(Even as the horrific events of Sept. 11 were unfolding, Bubba and his morning crew on WXTB managed to find moments of humor. Watching live TV shots of the World Trade Center engulfed in flames, Bubba suggested they crank call and tell workers there, “In case you guys don’t know it, the building’s on fire!” One sidekick joked, “You won’t be able to go to Windows on the World for lunch today!”)
One week after the terrorist attacks Bubba called a local doctor’s office on the air and accused him of making anti-American comments. Three hundred angry Bubba listeners deluged the doctor with calls that morning, and his office was forced to close early. Unfortunately, the shock jock had the wrong man.
Then, after Bubba spent one October morning insulting Al-Arian on the air, the professor was hit with a wave of hate e-mails.
One would not think that Bubba the Love Sponge’s role in fomenting a campaign of ignorant, hate-filled e-mails against a tenured professor would be something that University of South Florida administrators would highlight. But Jack Wheat, USF’s special assistant to the president, recently answered an e-mail from a Salon reader who complained about the school’s decision to fire Al-Arian with the following remarkable communication:
“Thank you for your message. Unfortunately, a good number of Americans do believe that he is speaking for the University. We have received hundreds of communications indicating that from people whose mastery of syntax and argumentation suggest that they are quite intelligent. More troubling have been the barrage of computer viruses sent by people who are intelligent but warped. But most troubling have been the death threats, often stimulated by local media personalities such as Bubba the Love Sponge, that have breached the safety of the learning environment. Dr. Al-Arian has violated the professional obligations that are clearly delineated in the contract negotiated by the faculty union and the State University System of Florida.”
Wheat could not be reached for comment.
Al-Arian’s battle to get his job back at USF will likely end up in the courts. Perhaps while his attorneys examine the university’s egregious behavior, they should train their attention on some of America’s biggest media players as well.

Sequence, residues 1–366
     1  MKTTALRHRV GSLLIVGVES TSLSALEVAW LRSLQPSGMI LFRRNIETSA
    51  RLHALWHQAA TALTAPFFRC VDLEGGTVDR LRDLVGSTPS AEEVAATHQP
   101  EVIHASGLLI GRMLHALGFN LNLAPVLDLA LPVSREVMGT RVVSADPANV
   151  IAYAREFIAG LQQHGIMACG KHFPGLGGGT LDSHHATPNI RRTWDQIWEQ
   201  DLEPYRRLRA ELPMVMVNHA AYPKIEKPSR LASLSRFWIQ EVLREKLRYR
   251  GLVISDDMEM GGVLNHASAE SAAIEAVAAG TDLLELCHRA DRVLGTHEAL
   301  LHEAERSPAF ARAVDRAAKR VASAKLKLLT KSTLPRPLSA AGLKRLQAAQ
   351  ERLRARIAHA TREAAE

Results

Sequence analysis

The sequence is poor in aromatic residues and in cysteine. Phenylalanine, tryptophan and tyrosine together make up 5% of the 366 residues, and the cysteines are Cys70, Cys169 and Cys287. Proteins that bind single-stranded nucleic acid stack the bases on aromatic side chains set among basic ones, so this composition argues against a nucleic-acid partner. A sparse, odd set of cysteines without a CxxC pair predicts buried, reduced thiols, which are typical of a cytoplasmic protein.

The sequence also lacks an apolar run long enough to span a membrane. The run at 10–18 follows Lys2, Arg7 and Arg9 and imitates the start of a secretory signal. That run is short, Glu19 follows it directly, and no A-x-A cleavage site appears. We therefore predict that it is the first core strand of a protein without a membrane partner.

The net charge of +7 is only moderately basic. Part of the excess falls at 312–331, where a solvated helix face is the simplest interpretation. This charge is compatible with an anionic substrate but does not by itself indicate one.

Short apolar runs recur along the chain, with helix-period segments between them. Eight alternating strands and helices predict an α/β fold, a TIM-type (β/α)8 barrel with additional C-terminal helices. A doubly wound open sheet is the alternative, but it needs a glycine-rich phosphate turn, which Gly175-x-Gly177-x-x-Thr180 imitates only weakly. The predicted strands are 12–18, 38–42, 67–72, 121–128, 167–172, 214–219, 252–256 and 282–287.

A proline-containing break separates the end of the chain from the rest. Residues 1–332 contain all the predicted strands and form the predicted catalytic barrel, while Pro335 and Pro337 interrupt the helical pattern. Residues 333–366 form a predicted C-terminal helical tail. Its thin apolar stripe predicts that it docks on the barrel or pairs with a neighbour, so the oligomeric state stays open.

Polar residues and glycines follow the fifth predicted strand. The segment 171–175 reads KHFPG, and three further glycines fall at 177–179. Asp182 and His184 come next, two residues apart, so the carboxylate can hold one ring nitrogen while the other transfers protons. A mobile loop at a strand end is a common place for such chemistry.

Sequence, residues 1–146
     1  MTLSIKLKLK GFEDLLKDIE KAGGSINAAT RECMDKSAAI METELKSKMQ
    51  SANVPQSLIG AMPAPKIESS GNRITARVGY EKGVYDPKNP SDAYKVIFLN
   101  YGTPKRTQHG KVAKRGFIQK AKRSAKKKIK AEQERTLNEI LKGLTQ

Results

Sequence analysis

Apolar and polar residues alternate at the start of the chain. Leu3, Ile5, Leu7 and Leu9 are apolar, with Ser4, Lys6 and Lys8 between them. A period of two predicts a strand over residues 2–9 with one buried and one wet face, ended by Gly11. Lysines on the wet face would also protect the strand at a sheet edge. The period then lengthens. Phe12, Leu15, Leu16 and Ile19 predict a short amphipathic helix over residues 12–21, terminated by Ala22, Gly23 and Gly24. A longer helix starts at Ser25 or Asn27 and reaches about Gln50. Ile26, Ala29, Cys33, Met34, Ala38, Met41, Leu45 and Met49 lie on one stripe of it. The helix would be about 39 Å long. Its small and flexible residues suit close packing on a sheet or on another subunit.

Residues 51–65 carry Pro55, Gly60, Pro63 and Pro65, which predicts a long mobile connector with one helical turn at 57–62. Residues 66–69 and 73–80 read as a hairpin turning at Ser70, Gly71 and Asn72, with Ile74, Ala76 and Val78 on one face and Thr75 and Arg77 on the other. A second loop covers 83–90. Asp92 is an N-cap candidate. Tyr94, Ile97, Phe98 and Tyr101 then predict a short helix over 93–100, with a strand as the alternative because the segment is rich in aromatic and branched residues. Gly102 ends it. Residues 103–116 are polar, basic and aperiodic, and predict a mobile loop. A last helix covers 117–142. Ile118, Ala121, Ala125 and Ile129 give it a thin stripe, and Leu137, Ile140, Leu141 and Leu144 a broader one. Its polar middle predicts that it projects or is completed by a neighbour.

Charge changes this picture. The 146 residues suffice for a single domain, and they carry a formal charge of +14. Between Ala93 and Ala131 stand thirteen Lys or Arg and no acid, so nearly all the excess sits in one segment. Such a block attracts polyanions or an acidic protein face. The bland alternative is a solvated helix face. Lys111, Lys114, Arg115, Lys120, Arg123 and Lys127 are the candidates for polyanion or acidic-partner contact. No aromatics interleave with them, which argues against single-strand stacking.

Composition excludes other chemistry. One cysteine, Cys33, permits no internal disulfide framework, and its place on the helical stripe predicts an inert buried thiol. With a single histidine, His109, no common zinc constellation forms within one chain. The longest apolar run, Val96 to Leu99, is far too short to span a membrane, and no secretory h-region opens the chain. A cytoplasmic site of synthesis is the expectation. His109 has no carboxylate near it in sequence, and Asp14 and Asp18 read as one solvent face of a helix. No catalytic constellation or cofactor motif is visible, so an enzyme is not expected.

This story has been corrected.
Eric Boehlert, a former senior writer for Salon, is the author of "Lapdogs: How the Press Rolled Over for Bush." More Eric Boehlert.
Nelson Mandela and his wife Winnie in this undated file picture.
Mandela is accompanied by his former wife Winnie, moments after his release from prison February 11, 1990 after serving 27 years in jail. (Reuters)
In this February, 1990 photo, shortly after his release from 27 years in prison, Nelson Mandela, gives the black power salute to the 120,000 supporters packing Soccer City stadium in Soweto, near Johannesburg. (AP Photo)
Nelson Mandela showed his passport in February 19, 1990, shortly after his release from prison. The South African government authorized an application for himself and his wife Winnie - (Juda Ngwenya / Reuters)
In this July 27, 1991 photo, Cuban President Fidel Castro, and Nelson Mandela gesture during the celebration of the "Day of the Revolution" in Matanzas, Cuba. (AP Photo)
In this July 4, 1993 photo, President Bill Clinton and Nelson Mandela listen during Fourth of July ceremonies in Philadelphia during which Clinton presented the Philadelphia Liberty Medal to the African National Congress president and South African President F.W. de Klerk. (AP Photo/Greg Gibson)
President of the African National Congress Nelson Mandela acknowledges cheers from the crowd as he prepares to unveil the ANC's official election platform in 1994. (AP Photo/David Brauchli)
African National Congress (ANC) leader Nelson Mandela greeted residents of Mmabatho in March 1994, during a visit after the nominal homeland came under South African control following the ousting of the former President Lucas Mangope. (Reuters/Howard Burditt)
South African President Nelson Mandela smiles with actor Sidney Poitier at a press conference in Cape Town in 1996. Poitier played Mandela in the film "One Man, One Vote" (AP Photo / Sasa Kralj)
South African President Nelson Mandela waves to crowds as he sits next to Queen Elizabeth II in a an open carriage on the way to Buckingham Palace.(AP/Louisa Buller)
Chairman of the Constitutional Assembly Cyril Ramaphosa, left, holds up a copy of the country's constitution which was signed by President Nelson Mandela, in December 1996. (AP Photo / Adil Bradlow / POOL)
Nelson Mandela at a news conference in Johannesburg in February 2000. (AP Photo / Denis Farrell)
South African rugby captain Francois Pienaar, right, received the Rugby World Cup trophy from President Nelson Mandela also wearing a South African rugby shirt, after South Africa defeated New Zealand in the Rugby World Cup , in 1995. (AP Photo / Ross Setford)